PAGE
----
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Migrating a catch-all maildir to Office 365

I’ve been running my own mail server at home for years using Postfix, dovecot, amavisd-new, ClamAV and SpamAssassin. But it requires a reliable connection and some maintenance once in a while. And of course it always breaks when I’m on the other side of the world.

To free myself of that burden I decided to make the move to Office 365. I got myself a P1 subscription and started to browse through the configuration screens. The migration of an account from IMAP to Exchange Online was very fast and easy.

Happy with how everything looked, felt and connected, I was ready to make the switch.

Just before I wanted to change the MX record to point to Office 365 I double checked the configuration of my account. I discovered I couldn’t find a way to set my account as a catch-all account. After some research I found out this is not possible at all!

Catch-all Mailbox

A catch-all mailbox receives messages sent to email addresses in a domain that do not exist. Exchange Online anti-spam filters use recipient filtering to reject messages sent to mailboxes that don’t exist, so catch-all mailboxes are not supported.

That left me 2 options:

  1. Stop the migration to Office 365, and leave things as they were.
  2. Make every email address I used in the past an alias.

I started searching if anyone has done this before. It looks like this is not the case, so seeing this as a challenge, I started working on my own solution.

Extracting all used addresses

First you need to get every email address ever used by others as a recipient.

As my bash scripting is a bit rusty, I found this by Joerg Reinhardt which I used as base for my own script: getting email recipient addresses from maildir.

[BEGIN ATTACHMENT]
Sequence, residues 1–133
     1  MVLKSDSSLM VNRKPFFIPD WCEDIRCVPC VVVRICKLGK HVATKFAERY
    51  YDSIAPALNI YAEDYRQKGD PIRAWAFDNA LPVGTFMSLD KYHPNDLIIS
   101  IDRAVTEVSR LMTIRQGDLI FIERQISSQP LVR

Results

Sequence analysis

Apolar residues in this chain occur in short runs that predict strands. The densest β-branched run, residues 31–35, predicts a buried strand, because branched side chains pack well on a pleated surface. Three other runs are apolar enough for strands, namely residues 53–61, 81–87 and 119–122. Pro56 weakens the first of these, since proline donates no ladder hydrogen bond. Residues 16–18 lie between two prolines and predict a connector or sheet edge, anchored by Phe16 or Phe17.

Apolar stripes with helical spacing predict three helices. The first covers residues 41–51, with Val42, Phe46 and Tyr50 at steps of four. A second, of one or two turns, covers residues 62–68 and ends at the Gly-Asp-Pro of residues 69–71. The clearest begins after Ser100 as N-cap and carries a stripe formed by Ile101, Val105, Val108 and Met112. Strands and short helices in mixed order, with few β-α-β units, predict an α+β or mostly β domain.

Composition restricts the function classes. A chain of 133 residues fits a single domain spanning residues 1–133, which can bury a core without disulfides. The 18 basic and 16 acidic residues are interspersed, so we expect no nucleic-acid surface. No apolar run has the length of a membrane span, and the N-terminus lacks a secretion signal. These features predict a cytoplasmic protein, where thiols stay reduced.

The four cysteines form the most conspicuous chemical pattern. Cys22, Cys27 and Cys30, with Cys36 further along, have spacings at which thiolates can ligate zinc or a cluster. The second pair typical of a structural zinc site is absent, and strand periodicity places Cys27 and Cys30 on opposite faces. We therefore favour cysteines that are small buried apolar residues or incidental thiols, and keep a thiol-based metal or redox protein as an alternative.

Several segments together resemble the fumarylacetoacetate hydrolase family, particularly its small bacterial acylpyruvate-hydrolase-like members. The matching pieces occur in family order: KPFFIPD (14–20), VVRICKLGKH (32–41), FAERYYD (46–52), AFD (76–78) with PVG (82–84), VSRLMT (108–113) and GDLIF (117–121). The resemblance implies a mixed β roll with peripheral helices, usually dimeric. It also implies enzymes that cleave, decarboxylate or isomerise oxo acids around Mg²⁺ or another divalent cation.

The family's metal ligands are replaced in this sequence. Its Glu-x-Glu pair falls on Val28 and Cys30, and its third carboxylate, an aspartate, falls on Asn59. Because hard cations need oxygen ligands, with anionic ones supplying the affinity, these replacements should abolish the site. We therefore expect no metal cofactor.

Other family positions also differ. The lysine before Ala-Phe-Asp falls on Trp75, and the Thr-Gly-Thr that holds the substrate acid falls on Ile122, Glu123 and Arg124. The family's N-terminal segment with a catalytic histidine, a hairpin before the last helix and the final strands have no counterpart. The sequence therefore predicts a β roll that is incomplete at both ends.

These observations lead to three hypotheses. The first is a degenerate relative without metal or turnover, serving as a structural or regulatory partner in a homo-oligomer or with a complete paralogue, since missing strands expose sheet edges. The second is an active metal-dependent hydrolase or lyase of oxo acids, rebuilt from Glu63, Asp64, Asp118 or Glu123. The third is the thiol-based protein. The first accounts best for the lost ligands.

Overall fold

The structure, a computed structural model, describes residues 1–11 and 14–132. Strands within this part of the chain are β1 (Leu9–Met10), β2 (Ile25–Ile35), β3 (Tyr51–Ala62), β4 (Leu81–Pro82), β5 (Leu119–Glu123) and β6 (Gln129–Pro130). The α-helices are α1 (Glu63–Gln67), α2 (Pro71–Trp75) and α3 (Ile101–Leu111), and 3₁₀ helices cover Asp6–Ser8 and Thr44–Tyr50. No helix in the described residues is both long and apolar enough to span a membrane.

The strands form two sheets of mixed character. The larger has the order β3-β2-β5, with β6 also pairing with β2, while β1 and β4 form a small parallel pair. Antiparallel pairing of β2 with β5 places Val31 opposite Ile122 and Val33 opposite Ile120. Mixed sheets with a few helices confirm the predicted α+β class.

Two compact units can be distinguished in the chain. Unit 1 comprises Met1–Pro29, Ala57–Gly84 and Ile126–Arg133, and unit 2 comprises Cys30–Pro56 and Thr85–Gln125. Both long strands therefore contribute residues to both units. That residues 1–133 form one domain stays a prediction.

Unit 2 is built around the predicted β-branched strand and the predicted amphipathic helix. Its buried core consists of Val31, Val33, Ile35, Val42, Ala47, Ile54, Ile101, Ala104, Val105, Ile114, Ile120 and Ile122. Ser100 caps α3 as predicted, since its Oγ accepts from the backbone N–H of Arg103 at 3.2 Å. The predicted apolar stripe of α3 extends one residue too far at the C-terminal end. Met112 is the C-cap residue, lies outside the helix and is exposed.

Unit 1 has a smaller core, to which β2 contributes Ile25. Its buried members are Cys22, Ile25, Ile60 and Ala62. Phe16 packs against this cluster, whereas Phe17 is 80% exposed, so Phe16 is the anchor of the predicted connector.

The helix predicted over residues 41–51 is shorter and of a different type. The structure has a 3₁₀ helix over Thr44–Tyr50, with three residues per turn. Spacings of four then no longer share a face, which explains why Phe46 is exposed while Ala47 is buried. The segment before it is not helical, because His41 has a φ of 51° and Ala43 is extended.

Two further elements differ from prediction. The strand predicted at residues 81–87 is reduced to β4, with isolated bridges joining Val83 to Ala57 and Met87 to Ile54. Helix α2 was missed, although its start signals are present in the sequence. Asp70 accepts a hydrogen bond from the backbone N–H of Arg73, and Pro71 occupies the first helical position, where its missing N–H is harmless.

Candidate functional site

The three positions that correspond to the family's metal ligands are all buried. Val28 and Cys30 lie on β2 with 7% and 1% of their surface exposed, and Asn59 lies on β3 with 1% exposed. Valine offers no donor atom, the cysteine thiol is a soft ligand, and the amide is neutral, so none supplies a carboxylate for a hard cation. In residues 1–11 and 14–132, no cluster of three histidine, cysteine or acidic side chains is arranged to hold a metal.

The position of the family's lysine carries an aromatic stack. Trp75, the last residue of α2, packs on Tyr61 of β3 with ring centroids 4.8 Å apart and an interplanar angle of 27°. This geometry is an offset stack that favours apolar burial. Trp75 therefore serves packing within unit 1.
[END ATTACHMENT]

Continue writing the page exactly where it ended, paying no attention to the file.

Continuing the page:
The script needs 2 parameters, the maildir directory and the email domain you want to get the aliases for.

$ ./maildir-dump.sh <Maildir directory> <Email domain>

So for me:

$ ./maildir-dump.sh Maildir hompus.nl

This results in a long file with a lot of email addresses. To aggregate this list into a CSV file you can use the following command:

sort Maildir.dump | uniq -c | sort -k1nr | awk 'BEGIN {OFS = ";";} {print $1,$2}'
                                                                          > Maildir.csv

This allows you to open the file using Excel and remove all entries you don’t want to be an alias.
I counted 385 unique email addresses, too many to add manually.

Adding the aliases to a mailbox

First I configured and connected to Exchange Online using the article.

First we will read the CSV file we have generated and authored.

$csv = Import-Csv D:\Maildir.csv -Delimiter ';' -Header Count, Email

Then you need to get a reference to the mailbox you want to add the aliases to.

$temp = Get-Mailbox -Identity michael

You need to add all email addresses to the EmailAddress property, but I discovered the last email address to be added will become the default address. So make sure the primary SMTP address is added last.

$temp.EmailAddresses = $temp.EmailAddresses | ? { $_ -ne "SMTP:" + $temp.PrimarySmtpAddress }
$csv | % { $temp.EmailAddresses += ("SMTP:" + $_.Email) }
$temp.EmailAddresses += "SMTP:" + $temp.PrimarySmtpAddress

Now you only need to set the EmailAddress property on the actual mailbox

Set-Mailbox -Identity michael -EmailAddresses $temp.EmailAddresses

And done!

3 Comments

  1. /

    Hi Michaël,

    I think if you use smtp: instead of SMTP: for all of the addresses except for one, then the one specified with SMTP: will be taken as the primary address.

    Not sure if this works with Office 365 as I haven't tested it, but that is the way it works with Exchange on-premise.

    Regards,

    Sam

    • /

      PS - Your method is also correct, I only meant to provide additional information.

  2. /

    There is another way you could achieve a catch-all, without too much difficulty. The only downside is that you have to remember what you've setup if you ever add any more Office365 users.

    Check out this entry on our website:
    http://www.lansalot.co.uk/index.php?option=com_content&view=article&id=101

    --Jon

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